Source: Kinder Morgan.

The oil crash has devastated all energy stocks this year and caused even midstream juggernaut Kinder Morgan (NYSE: KMI) to slash its dividend by 75%. Given that Kinder Morgan was able to continue growing its dividend even during the financial crisis, many investors apparently believe that the security of all midstream MLPs' distributions are now in doubt, even those of such blue-chip names as Enterprise Products Partners (NYSE: EPD), and Magellan Midstream Partners (NYSE: MMP).

EPD Chart
EPD data by YCharts

Yet the fact is that Enterprise Products Partners, despite a yield nearly double that of Kinder Morgan, still represents one of America's best, and safest, long-term income growth opportunities over the next decade or two.

Let's explore three reasons Wall Street is dead wrong about Enterprise and how your diversified income portfolio could benefit from its mistake.

It's too darned cheap!

 Company Yield  5 Year Average Yield  Price/Operating Cash Flow  5 Year Average Price/Operating Cash Flow 
Enterprise Products Partners 5.9% 4.7% 13.3 14.9
Magellan Midstream Partners 4.5% 3.9% 15.6 16.1
Kinder Morgan 3.3% 4.6% 7.2 10.3 

Sources: Ycharts, Yahoo Finance, Fastgraphs

For an MLP of Enterprise Product Partners' caliber, the current yield represents a gross mispricing by Wall Street. Enterprise represents immense quality, cash flow-generating energy transportation and storage assets on sale. From the perspective of long-term dividend investors looking for a safe, growing yield, and strong growth potential over the next five to 20 years, it represents a fantastic opportunity.

One of America's best payout profiles
Despite what just happened to Kinder Morgan's dividend, the assets owned by these midstream MLPs remain some of America's best long-term cash flow generators. Kinder's painful decision was not due to an inability to maintain its dividend, but rather a wise long-term decision to use its distributable cash flow (DCF) to fund future growth and retain its investor grade credit rating which keeps its debt costs lower. This could result in much higher dividends in a few years, once energy prices inevitably recover.

Company YTD Payout Coverage Ratio  YTD Excess DCF  5 Year Analyst Payout Growth Projections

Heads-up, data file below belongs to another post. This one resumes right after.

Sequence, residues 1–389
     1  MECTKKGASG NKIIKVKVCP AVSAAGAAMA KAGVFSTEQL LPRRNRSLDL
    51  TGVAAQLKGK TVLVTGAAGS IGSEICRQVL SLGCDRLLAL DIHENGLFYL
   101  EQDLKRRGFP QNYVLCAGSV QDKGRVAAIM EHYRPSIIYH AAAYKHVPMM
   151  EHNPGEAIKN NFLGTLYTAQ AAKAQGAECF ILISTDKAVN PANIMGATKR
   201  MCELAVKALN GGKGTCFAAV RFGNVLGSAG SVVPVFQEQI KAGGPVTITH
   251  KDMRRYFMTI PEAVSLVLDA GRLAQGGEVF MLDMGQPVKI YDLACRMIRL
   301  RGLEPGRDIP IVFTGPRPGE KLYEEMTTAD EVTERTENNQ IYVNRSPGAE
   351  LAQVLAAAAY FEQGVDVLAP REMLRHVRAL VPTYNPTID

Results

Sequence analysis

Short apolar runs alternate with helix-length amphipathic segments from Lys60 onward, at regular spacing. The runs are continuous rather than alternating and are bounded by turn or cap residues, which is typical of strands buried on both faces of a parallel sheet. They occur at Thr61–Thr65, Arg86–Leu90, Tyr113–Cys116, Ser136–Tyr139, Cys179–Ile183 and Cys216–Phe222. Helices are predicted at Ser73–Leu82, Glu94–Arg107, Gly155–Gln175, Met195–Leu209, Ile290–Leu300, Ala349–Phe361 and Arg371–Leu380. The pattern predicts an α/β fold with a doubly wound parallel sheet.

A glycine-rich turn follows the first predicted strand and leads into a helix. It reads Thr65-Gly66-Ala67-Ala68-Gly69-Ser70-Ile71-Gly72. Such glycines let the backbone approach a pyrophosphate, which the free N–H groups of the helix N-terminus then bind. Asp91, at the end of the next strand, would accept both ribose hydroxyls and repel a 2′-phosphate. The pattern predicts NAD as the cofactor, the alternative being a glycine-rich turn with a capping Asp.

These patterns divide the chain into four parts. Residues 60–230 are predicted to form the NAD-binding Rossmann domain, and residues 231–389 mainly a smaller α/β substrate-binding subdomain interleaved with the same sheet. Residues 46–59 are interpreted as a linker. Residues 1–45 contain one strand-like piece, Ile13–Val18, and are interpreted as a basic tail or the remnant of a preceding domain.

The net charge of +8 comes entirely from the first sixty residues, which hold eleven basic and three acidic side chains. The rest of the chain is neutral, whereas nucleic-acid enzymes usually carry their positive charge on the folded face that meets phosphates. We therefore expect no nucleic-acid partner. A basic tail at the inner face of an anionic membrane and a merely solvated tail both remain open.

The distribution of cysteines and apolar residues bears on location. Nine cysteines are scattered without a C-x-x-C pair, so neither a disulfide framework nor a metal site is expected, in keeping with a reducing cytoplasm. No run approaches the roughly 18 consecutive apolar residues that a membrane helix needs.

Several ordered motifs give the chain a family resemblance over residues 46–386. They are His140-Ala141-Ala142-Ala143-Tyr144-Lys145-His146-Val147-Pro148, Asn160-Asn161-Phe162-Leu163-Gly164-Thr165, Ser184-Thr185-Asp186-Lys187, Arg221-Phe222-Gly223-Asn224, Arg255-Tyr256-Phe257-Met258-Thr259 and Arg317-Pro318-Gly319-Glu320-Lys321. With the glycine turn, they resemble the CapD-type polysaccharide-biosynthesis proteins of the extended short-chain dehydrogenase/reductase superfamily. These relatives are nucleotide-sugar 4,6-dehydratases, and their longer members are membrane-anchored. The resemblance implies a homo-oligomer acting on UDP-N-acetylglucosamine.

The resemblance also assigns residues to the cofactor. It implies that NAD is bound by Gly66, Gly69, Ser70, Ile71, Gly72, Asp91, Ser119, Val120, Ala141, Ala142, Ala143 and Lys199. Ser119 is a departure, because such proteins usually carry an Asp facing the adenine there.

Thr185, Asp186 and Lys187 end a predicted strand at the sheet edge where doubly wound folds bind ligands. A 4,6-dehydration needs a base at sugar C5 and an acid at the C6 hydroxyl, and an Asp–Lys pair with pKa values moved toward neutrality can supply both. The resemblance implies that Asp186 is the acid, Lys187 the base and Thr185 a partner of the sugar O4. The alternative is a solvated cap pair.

Enterprise Products Partners 2.0 $2.72 billion 5.5%
Magellan Midstream Partners 1.4 $196 million 10.2%
Kinder Morgan 4.2 $2.64 billion 2.7%

Sources: company 10-Qs, 10K's, author calculations

Note that Kinder Morgan's distribution coverage ratio and excess DCF takes into account the new reduced divided. All three pipeline operators' payouts are currently highly sustainable, and they are generating strong excess cash with which to invest into future growth while greatly reducing how much capital they need to raise from debt or equity markets.

Kinder's high debt levels and lack of access to equity growth capital is another reason it had to reduce its dividend. However, neither Enterprise nor Magellan Midstream is likely to share a similar fate because of much stronger balance sheets and an ongoing ability to sell additional units at prices that allow for accretive investment (meaning that DCF per unit increases despite a higher unit count).

This ability to generate and invest excess DCF is what makes Enterprise's current high yield such an appealing investment opportunity. The MLP's track record of growing its payout -- 45 consecutive quarterly distribution increases -- no matter what energy prices are doing is courtesy of its business model in which almost all DCF is derived from long-term fixed-fee contracts with guaranteed volumes. This tollbooth business model and rivers of excess DCF makes Enterprise a true "widows and orphans" dividend stock for the next few decades.

Source: Enterprise Products Partners investor presentation.

Why Enterprise isn't likely to share Kinder's fate 
Kinder Morgan's dividend cut serves as a cautionary tale for midstream MLP investors. No matter how wonderful and cash flow rich a company's assets, excessive debt can make any payout incompatible with continued growth.

Year to date Enterprise Products Partners has invested $3.7 billion on growth projects and acquisitions, has $1.8 billion in additional projects coming online in Q4 ,and plans to invest $7.8 billion into growth projects through the end of 2017. With the MLP spending so heavily what is the risk of Enterprise becoming over levered and running into the same problems as Kinder? 

Company/MLP  Debt/EBITDA (Leverage) Ratio  Current (Liquidity) Ratio 
Enterprise Products Partners 4.5 0.7
Magellan Midstream Partners 2.9 0.8
Kinder Morgan 7.6 0.5

Source: Morningstar

As you can see both Enterprise and Magellan have much stronger balance sheets than Kinder, with far more manageable relative debt levels. This is thanks to their more conservative managements, who have been careful to grow distributions slower than DCF per share in order to create large coverage ratios that ensure plenty of excess cash flow. This allows more capital expenditures to be funded internally and not become dependent on debt markets for growth funding.

Bottom line
Enterprise Products Partners and Magellan Midstream Partners are much better positioned to continue funding growth projects with far less reliance on debt and equity markets. With some of the strongest coverage ratios in the industry representing massive ability to generate excess DCF, their generous payouts represent some of America's most sustainable high-yield distributions.

In my opinion, because of both its current and future portfolio of massively diversified cash flow-generating assets, Enterprise Products Partners in particular is trading at absurdly undervalued prices. As one of America's highest-quality dividend growth opportunities, it deserves at least a place on every dividend investor's radar, if not in their portfolios.